HausFS has worked with condo associations and condo owners in and around Chicago for more than 10 years. In that time, we've discovered that most condo owners feel that condo living is really challenging, and further, that the problems they face are unique to their association, while condo living is a breeze for everyone else. Somehow, every other association has gotten the hang of it while they are struggling.

This is definitely not the case. Every association faces conflict and the fact is that many of the problems that arise are common from one association to another.

When we speak to prospects who are looking for management support, I often remark that condo living is tough. I even say that I don't think it should exist as a housing option because it is so complicated and causes so much stress. Almost immediately, the board member I'm speaking to breathes a sigh of relief. It's as if they are afraid to admit how hard it can be, because they assume they are the only ones who feel this way.

Rest assured, condo living is tough. But with the proper help, it can be infinitely better. Don't hesitate to get the support you need in the form of professionals who understand how you feel. You're not alone, and there is always a way to make condo living easier.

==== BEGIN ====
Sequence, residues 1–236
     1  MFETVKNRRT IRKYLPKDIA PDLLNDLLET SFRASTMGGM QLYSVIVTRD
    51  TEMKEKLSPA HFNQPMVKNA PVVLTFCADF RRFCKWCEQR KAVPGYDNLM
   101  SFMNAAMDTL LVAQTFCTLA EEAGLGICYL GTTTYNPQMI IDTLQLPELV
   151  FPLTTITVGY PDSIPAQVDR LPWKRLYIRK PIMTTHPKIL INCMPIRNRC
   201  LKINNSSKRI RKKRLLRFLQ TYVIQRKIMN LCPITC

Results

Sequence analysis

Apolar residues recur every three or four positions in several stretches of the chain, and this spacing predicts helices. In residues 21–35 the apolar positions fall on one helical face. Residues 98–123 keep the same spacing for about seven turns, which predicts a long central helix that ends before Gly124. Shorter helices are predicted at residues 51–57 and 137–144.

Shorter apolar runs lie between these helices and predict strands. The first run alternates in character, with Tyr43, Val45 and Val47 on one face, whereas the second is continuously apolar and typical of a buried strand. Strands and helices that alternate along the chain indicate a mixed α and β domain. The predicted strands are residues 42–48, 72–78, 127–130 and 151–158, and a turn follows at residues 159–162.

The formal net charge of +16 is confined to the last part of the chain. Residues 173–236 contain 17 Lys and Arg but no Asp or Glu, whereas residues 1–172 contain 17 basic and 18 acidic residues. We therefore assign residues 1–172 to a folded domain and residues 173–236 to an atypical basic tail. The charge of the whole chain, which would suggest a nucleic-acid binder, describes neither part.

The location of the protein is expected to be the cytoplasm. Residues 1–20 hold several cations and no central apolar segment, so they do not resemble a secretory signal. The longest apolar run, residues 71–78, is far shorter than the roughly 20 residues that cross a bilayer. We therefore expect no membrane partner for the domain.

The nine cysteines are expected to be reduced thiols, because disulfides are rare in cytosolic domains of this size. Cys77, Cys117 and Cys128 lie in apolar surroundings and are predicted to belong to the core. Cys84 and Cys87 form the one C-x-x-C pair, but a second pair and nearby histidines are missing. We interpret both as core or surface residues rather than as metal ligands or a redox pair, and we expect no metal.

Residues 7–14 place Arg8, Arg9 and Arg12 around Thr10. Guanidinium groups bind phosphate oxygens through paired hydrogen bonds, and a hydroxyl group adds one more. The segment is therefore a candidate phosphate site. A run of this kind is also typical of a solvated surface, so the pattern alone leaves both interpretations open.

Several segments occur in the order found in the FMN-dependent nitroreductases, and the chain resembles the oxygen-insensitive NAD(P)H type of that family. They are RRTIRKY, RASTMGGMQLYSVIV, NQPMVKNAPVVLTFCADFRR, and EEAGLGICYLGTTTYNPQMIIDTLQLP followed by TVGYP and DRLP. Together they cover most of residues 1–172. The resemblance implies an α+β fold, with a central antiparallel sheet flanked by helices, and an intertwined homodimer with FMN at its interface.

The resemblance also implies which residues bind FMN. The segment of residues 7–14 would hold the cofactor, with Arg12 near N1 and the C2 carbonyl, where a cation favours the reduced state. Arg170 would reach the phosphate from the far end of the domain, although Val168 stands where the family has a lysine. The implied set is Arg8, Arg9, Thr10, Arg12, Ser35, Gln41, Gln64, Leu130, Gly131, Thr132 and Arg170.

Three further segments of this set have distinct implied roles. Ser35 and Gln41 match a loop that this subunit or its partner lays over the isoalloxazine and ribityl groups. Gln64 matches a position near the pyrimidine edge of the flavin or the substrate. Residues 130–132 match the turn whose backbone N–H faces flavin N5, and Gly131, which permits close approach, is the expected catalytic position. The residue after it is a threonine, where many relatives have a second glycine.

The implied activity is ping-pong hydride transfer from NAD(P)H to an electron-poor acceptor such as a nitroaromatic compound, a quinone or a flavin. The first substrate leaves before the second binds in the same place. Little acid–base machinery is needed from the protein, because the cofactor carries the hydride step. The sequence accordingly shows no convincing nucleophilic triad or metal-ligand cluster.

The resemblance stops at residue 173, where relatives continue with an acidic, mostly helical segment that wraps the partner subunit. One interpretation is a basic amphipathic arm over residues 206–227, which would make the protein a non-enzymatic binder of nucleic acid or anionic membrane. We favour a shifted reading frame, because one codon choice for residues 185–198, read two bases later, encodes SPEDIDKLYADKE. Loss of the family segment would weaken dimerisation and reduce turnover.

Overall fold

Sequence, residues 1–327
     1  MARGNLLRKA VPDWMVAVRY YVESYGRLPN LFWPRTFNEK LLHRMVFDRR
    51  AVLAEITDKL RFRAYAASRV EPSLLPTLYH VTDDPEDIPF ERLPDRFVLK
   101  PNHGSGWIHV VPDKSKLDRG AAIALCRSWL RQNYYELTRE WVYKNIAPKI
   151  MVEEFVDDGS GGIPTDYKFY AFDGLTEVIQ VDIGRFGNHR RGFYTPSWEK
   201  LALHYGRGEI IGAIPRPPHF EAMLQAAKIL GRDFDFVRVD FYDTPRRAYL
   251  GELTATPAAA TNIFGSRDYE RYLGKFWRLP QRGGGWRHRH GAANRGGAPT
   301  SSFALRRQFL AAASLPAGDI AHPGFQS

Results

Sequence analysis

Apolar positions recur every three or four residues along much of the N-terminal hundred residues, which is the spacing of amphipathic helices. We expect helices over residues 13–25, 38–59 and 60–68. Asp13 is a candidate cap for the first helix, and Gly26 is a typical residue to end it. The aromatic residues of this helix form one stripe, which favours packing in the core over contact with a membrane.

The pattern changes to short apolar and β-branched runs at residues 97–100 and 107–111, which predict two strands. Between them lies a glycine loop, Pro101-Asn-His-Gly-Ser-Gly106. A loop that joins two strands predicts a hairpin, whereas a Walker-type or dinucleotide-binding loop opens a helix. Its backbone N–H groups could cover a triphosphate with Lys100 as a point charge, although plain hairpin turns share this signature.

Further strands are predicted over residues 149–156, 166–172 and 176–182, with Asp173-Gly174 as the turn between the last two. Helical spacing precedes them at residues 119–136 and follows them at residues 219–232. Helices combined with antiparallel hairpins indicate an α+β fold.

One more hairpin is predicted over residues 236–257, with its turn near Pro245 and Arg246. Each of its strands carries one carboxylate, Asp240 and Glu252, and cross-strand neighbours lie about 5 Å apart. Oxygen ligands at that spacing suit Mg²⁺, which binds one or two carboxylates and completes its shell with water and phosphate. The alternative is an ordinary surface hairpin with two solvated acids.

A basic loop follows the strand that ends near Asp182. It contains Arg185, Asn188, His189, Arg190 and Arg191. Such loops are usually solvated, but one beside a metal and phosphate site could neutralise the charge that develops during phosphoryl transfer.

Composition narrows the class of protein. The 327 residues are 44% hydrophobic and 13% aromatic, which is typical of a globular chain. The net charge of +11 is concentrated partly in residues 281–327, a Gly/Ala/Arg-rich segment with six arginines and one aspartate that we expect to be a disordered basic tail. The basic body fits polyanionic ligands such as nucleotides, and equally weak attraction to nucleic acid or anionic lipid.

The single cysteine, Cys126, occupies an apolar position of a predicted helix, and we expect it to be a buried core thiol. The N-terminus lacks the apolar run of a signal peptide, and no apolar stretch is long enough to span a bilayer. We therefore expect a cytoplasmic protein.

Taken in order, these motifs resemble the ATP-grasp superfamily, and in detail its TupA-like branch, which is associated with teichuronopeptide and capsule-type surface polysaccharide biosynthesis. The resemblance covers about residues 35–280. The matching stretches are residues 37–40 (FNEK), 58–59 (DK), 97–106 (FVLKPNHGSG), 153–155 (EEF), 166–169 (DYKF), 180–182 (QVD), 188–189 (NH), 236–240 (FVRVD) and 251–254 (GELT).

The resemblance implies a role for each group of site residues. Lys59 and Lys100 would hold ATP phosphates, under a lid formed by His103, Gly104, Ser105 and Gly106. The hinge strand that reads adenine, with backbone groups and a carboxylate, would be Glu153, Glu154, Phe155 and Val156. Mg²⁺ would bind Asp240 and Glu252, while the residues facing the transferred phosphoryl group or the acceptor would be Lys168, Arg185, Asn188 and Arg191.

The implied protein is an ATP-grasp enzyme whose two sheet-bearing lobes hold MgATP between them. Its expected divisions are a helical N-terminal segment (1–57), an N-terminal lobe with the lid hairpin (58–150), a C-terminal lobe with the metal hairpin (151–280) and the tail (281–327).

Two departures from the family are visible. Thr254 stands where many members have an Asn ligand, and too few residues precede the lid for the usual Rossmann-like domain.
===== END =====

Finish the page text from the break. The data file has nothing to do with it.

Lauren Peddinghaus, CMCA, AMS
Owner, Haus Financial Services, LLC

Bank fraud is not a pervasive problem for our small association clients here at HausFS, but it does happen on occasion. Fraud typically takes the form of unauthorized ACH debits or debit card charges.

Here are a few ways that condo board members can reduce the risk of fraudulent transactions and lost funds.

Do not allow the use of debit cards. We've said it before and we'll say it again. Debit cards provide easy access to your association's bank accounts. If a card is lost or stolen, funds can disappear easily. It's also not unusual for board members to mistakenly (or not mistakenly) use an association debit card for personal purchases.

Use online bill pay to pay contractors, not paper checks. When you issues a paper check to a contractor or vendor you don't use regularly, you've put your bank account information into that person's hands. They can now pull your bank account's routing and account number and use that information for unauthorized debits. When you use your bank's online bill pay, your account information is protected as most banks use a single funding account for this service that is not connected directly to your account and cannot be used for such fraud.